You can do inverted rows using a barbell on a squat rack or a Smith machine. This exercise is a great way to train if you find it hard to perform pull-ups. You can do it using an overhand or underhand grip.

How to Perform

  1. Stand before your smith machine or squat rack and set the bar comfortably. This is around your waist height for most people.
  2. Go under the bar and lie on your back, then reach for the bar with your arms fully extended. If your bar is in the right position, your body will be suspended with only your heels in contact with the floor. This is your starting position.
  3. Contract your glutes and core, and then pull up with your chest leading. Keep your body straight and get close to the bar but don’t touch it with your chest.
  4. Pause for a second, squeeze your shoulder blades, and slowly lower yourself back to starting position to complete your rep.
  5. Repeat for as many reps as you desire.

6. Lat Pullovers

Lat pullovers are a great alternative to the lat pulldown you may initially think to work on the chest. However, although this exercise builds your pecs and triceps, it also activates the latissimus dorsi muscles. Many athletes use this exercise as an accessory for more volume on their back day.

Lat pullovers can be done with either barbells, dumbbells or a lat pullover machine. This exercise is similar to the skull crusher, but with the lat pullover, you move your entire arm rather than just flexing at the elbow. If you have a shoulder injury, avoiding it and trying other alternatives is best.

How to Perform (With a Barbell)

  1. Set up a flat bench and then lie on it.
  2. If you’re using a barbell, grab it with an overhand shoulder-width grip and then hold it over your chest with straight arms. This is your starting position.
  3. Sink your shoulder blades into the bench and slowly lower the barbell over your head. Keep your elbows locked the whole time.
  4. Return the barbell to starting position to complete the rep.
  5. Repeat for as many reps as you desire.

7. T Bar Rows

Another good lat pulldown alternative is the t-bar row. T bar rows are excellent for building the muscles in your entire back. They target your lats, traps, delts, rhomboids, biceps, teres minor and major, brachialis, erector spinae, and core. This exercise surpasses the lat pulldown when it comes to intensity.

One bonus of adding T-bar row to your routine is that the stability of the landmine at the anchor point allows you to focus on your mind-muscle connection. This leads to higher hypertrophy in your muscles. Also, you can change the part of your back it focuses on by switching your foot positions.

How to Perform

  1. Step over your loaded barbell and ensure sufficient space between your legs for the barbell to travel.
  2. Secure the opposite end of the barbell by using a landmine attachment. You can also place a heavy object on it.
  3. Put your torso at an angle of 45 degrees and bend forward and grip the bar with both hands. Keep your back neutral and engage your core. This is your starting position.
  4. Pull the bar towards yourself until it is close to touching your chest, then pause.
  5. Slowly return the bar to the starting position.

8. Kroc Rows

Kroc rows name derives from Mathew Kroczaleski, a powerlifter and bodybuilder. It’s a variation of the single-arm dumbbell row that uses lots of momentum to lift heavier loads. Krocs work on your traps, delts, rhomboids, biceps, forearms, and erector spinae.

You can do the Kroc row with a staggered stance or use a bench like single-arm dumbbell rows. The more bent over you are the more this routine targets your lats. Krocs also work on your grip strength and fix muscle imbalances since they’re a unilateral exercise.

How to Perform

  1. Choose a bench around hip height or above, then rest your left hand on it.
  2. Put your feet in a staggered stance about shoulder-width distance from each other
  3. Hold your dumbbell in the other hand and then engage your core. Keep your back neutral with your chest up and shoulders down. This is your starting position.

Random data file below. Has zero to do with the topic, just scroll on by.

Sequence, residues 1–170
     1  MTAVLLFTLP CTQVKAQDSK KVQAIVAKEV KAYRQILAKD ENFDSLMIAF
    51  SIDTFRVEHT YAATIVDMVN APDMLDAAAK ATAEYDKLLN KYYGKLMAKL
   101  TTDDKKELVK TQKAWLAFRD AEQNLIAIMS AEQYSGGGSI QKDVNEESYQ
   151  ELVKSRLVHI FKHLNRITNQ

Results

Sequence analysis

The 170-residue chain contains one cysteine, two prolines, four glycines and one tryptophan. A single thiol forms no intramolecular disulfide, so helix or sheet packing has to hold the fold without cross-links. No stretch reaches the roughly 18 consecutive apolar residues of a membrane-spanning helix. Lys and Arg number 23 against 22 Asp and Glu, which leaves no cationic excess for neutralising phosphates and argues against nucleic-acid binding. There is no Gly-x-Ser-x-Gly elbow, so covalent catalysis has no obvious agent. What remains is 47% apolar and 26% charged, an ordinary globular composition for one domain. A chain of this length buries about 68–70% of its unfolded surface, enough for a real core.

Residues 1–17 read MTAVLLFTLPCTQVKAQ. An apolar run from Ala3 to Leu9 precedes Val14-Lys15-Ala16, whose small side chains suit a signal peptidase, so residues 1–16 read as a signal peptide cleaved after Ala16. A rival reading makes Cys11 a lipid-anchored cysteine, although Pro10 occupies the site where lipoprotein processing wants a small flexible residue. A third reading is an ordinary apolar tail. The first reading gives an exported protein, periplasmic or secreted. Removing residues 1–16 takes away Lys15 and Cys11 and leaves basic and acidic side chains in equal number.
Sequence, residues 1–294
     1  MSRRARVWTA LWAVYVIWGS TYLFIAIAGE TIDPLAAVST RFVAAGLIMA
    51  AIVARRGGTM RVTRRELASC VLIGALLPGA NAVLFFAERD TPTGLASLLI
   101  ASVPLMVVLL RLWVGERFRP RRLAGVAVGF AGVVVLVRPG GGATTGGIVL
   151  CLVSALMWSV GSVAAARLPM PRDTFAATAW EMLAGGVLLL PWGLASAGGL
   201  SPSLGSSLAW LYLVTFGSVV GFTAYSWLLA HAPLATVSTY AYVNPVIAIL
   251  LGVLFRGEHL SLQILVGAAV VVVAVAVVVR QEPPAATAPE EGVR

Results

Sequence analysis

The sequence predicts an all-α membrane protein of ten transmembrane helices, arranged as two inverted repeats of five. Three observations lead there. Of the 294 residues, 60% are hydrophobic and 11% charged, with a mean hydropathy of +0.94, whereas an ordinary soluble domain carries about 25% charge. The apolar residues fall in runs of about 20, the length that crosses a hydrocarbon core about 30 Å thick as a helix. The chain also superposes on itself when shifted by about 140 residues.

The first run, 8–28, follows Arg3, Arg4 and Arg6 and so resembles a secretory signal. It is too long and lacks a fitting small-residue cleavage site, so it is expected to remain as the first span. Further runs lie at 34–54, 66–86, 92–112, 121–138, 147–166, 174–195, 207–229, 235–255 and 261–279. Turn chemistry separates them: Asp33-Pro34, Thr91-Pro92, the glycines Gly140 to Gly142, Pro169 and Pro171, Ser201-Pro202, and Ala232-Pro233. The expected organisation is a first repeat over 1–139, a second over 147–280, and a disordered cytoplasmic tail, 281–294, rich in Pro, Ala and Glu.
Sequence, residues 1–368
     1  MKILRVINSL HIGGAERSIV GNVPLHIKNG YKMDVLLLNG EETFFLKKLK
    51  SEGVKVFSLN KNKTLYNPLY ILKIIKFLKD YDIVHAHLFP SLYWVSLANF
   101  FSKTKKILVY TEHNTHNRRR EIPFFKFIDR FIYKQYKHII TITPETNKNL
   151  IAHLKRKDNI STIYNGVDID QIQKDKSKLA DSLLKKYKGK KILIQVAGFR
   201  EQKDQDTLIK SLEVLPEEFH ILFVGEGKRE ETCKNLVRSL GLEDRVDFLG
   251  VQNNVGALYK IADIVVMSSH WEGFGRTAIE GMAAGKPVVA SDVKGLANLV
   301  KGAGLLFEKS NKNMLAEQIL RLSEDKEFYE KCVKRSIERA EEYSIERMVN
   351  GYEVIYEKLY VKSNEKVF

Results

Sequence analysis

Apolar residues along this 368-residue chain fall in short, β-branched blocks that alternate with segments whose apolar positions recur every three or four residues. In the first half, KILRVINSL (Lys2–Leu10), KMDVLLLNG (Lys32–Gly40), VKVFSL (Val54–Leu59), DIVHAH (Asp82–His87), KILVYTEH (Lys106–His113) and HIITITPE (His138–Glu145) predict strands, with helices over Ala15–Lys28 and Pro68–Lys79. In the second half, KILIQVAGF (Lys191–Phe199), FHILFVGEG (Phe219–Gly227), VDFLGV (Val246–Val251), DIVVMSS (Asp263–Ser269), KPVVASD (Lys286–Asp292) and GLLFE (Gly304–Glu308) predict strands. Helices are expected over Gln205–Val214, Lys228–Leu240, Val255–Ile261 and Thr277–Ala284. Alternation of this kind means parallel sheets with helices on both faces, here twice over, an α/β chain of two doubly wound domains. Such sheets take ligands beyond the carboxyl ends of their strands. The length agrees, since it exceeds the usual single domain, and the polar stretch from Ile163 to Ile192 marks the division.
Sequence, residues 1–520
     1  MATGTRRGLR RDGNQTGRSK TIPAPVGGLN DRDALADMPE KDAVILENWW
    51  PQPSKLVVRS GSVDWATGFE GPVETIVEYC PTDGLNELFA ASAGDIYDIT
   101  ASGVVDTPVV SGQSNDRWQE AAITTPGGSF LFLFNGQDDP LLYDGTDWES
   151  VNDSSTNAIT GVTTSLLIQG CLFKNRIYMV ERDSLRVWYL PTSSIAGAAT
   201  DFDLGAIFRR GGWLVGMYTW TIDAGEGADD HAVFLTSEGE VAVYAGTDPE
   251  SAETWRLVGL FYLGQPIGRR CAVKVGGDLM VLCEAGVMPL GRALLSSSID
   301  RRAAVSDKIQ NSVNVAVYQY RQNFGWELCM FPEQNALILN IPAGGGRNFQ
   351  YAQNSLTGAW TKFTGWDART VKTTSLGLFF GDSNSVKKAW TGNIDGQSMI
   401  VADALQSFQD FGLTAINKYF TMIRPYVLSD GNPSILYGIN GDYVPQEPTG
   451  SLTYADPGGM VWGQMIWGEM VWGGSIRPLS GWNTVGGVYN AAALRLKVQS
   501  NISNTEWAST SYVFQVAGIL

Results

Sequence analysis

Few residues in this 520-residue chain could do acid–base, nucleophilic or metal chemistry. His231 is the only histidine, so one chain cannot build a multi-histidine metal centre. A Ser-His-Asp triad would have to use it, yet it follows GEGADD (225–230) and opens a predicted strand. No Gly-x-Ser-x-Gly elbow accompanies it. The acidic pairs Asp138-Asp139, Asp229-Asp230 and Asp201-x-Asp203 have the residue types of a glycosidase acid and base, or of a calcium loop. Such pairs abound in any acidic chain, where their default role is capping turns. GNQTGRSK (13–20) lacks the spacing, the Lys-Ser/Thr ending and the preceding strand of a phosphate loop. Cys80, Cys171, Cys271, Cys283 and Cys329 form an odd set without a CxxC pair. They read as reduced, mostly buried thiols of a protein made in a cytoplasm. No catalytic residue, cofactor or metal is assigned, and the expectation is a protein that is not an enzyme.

4. Drive your hip up and use it to bring the dumbbell up while taking your back and elbows up. Ensure that you retract your shoulder blades to engage your lats fully.
  5. Return the dumbbell to the starting position by straightening your arm and letting your shoulders roll forward to complete the rep.
  6. Switch sides and repeat steps 1-5.


The lat pulldown exercise is highly effective for strengthening your back, especially your lats. However, if you don’t have access to a lat pulldown machine in your home gym, there are compact alternatives available that you might consider exploring.

These eight other exercises are great alternatives. They will specifically target your lats, rhomboids, biceps, and traps - just like the lat pulldown! If you don't have access to a machine, these exercises can be a great option to include in your workout routine. You'll discover various options that can be performed using other machines, free weights, or even just your body weight.

  1. Andersen, V., Fimland, M. S., Wiik, E., Skoglund, A., & Saeterbakken, A. H. (2014). Effects of grip width on muscle strength and activation in the lat pull-down. Journal of strength and conditioning research, 28(4), 1135–1142.
Previous article Ice Barrel: An In-Depth Comparison Guide
Next article Olympic vs Standard Barbell: Which One Is Right for You?

Leave a comment

Comments must be approved before appearing

* Required fields

Recent Articles

  • June 14, 2024

    How to Use a Leg Press Machine: Let's Make It Simple

    Master the leg press machine with our simple guide, tailored for everyone from beginners to athletes. Discover types of machines, perfect your form, choose the right weight, and avoid common mistakes to maximize your lower body workout safely and effectively. Ready to elevate your leg day? Dive in now!
    Read now
  • June 13, 2024

    Leg Press Muscles Worked: Your Guide to Leg Day

    Unlock the secrets to building lower body strength safely and effectively with our comprehensive guide on the leg press machine. Learn which muscles you'll work, the benefits of various machine types, and how to achieve the best leg day workout of your life. Dive into the details and elevate your fitness journey with our expert insights. Ready to transform your leg workouts? Click to read more!
    Read now
  • June 5, 2024

    Leg Press vs Squat: A Showdown for Lower Body Strength

    Wondering which exercise truly powers up your lower body: the leg press or the squat? Dive into our detailed showdown where we compare the mechanics, muscle activation, and benefits of both to help you decide which one deserves a spot in your workout routine. Discover the ultimate leg day winner!
    Read now